Friday, September 17, 2021

Talking About Writing, Entomology, and SciComm With Arthro-Pod

After recording an episode of Ologies with Alie Ward that focused on wasps, I was delighted to be invited to interview with the three hosts of the Arthro-Pod podcast more recently. Our discussion ran the gamut from my career trajectory in science communication to unresolved problems in the entomology profession, and conflicts between science and the corporate sector. This was a much more personal conversation.

Dr. Jody Green (@JodyBugsMeUNL on Twitter), Jonathan Larson (@bugmanjon), and Dr. Michael Skvarla (@mskvarla36) are the hosts of Arthro-Pod. All three currently work at separate universities, but have a common passion for public outreach. According to Jody, I was “SciComm before it was SciComm,” and until she said that it had never occurred to me that I was any sort of pioneer. It is true, though, that I have witnessed, and often participated in, the evolution of the public face of entomology in the digital age. She added that she frequently uses my blog to research a particular insect or topic and enjoys the jargon-free, conversational format. Wow, how cool is that?

The hosts of Arthro-Pod from a prior recording

In the course of talking about my personal experiences in academia, and my sentiments about them, ancient as they are, it was surprising to learn how much still resonates with students of today. That is a great thing in terms of empathy, but it also indicates there is much that still needs rectifying in the university environment. How do we make the sciences more friendly to a diversity of students? How is virtual learning online succeeding or failing its target students? We did not even discuss the problems with academic publishing, but maybe we can do another episode about that.

Jody is an outstanding example of the new generation of entomologists who are creative in how they reach the public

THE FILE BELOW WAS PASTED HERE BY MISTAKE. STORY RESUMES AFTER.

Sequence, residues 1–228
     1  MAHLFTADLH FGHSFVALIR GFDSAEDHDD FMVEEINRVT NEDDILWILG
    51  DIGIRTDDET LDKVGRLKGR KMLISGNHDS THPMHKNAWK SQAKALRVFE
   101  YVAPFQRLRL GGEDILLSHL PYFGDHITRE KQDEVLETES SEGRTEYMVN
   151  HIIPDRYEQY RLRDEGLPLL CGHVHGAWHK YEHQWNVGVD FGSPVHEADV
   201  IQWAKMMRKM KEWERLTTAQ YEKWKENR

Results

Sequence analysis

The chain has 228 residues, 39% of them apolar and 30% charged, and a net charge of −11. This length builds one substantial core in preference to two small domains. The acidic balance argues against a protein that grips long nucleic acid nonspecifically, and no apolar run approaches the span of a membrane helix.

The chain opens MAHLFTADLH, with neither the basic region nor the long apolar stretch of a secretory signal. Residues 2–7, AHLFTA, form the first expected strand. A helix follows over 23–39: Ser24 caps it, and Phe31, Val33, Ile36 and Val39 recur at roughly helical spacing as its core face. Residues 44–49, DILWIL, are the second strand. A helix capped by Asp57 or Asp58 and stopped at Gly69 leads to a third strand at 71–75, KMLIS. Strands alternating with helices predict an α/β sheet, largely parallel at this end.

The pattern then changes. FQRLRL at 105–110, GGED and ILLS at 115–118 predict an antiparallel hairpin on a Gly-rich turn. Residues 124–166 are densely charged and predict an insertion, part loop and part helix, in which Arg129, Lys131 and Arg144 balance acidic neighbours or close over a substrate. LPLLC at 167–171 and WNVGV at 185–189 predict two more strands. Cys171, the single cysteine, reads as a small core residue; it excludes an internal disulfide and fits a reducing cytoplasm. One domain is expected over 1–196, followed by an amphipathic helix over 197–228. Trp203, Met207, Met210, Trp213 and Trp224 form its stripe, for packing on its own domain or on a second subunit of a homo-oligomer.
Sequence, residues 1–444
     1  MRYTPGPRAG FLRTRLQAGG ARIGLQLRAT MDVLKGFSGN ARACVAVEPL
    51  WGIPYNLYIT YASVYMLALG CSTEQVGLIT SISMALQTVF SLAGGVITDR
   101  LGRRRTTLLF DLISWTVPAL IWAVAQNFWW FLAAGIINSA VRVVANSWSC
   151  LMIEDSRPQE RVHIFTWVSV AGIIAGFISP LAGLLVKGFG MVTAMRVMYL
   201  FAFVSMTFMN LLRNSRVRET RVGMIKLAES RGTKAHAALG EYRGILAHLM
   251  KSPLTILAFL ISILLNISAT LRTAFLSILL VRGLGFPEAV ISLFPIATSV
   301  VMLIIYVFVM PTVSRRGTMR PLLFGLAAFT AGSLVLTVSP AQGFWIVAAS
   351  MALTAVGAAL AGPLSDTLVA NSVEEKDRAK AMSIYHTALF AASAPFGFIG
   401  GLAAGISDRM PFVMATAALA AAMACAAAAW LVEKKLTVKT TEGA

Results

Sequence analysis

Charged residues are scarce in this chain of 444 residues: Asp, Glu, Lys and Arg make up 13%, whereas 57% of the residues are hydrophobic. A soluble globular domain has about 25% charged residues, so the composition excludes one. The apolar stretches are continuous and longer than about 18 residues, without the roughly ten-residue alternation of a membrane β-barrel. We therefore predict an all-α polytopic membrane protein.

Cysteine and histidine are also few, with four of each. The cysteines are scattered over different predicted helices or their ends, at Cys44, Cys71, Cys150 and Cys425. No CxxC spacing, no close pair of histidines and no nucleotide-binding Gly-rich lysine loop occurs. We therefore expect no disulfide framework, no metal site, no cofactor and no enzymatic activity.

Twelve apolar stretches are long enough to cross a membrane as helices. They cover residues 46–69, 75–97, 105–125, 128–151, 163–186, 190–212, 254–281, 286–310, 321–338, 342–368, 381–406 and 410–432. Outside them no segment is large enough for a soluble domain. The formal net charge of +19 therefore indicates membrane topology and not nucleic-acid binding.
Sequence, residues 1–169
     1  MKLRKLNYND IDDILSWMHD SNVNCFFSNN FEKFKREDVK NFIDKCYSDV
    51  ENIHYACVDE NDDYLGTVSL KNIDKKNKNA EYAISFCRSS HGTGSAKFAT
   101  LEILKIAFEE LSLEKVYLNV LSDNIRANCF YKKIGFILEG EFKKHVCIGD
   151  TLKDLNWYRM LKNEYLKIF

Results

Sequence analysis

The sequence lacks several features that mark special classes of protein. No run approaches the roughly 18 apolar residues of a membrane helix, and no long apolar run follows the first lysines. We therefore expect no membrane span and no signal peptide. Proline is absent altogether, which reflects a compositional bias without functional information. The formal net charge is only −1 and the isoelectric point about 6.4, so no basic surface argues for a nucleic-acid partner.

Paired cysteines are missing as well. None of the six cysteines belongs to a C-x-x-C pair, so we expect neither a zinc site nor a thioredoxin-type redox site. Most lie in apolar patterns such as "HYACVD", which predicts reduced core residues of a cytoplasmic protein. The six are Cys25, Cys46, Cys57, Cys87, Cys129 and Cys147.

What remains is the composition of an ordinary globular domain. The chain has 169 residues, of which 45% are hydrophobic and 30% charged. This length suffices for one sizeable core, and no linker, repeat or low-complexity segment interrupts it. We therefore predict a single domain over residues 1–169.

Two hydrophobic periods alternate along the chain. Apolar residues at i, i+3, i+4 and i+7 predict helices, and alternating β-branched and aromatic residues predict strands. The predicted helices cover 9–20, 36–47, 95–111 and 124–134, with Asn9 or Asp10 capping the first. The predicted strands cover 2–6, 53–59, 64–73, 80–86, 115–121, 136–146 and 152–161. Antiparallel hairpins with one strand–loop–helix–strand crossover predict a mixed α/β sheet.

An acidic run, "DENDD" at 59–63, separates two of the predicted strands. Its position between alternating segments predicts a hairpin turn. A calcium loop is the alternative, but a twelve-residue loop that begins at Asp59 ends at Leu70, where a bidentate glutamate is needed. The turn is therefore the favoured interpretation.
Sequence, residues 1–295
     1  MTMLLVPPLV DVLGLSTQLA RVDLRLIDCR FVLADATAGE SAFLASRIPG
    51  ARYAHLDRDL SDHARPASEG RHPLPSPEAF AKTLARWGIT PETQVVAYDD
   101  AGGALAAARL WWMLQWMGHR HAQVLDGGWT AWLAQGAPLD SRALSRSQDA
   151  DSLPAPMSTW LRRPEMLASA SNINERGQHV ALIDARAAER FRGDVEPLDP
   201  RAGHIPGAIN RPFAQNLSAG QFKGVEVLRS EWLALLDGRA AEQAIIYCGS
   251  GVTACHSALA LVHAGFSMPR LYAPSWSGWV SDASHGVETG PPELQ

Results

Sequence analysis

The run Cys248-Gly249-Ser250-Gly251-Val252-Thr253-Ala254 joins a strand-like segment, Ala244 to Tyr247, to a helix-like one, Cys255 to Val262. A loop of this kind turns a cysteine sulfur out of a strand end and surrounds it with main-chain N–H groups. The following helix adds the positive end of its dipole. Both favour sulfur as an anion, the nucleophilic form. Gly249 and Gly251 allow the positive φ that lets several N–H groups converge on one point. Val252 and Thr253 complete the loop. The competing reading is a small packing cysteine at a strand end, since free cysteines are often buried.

Entomology is a broad field with many niche careers that were not even in existence when I was a student. The profession is also now faced with the conflict that is the continued need for pest control versus the ever-increasing challenge of conserving biodiversity. Our global knowledge has been obtained largely through colonialism. There has been rampant sexism and, until recently, little effort at welcoming all races and ethnicities, and recognizing the full gender spectrum. Thankfully, the current generation of entomologists is prioritizing positive changes to those issues.

I hope you will join me in following Arthro-Pod here on the Blogger platform. My interview was the 96th episode, so I have a lot of catching up to do. You could not ask for a more friendly and inquisitive trio to take you on a tour of entomology and its influences on history, your daily life, and ecosystems at large.

Hahaha, I didn't know anyone would take a photo during our Zoom

Note: I have several events upcoming. They include a virtual presentation about wasps for Waterloo (Ontario, Canada) Region Nature on Monday evening, September 27. On October 4, I will be recording an episode of Talking Feral with Paul Boyce, topics to be determined. I will be recording a wasp-themed episode of In Conversation With with David Lindo, for BBC radio if I have the correct information. Lastly, on November 6, I will do another wasp-themed virtual talk for the Entomological Society of Pennsylvania (USA). Please join me for the talks, and/or book me for your own event by e-mailing bugeric247ATgmailDOTcom. Thank you.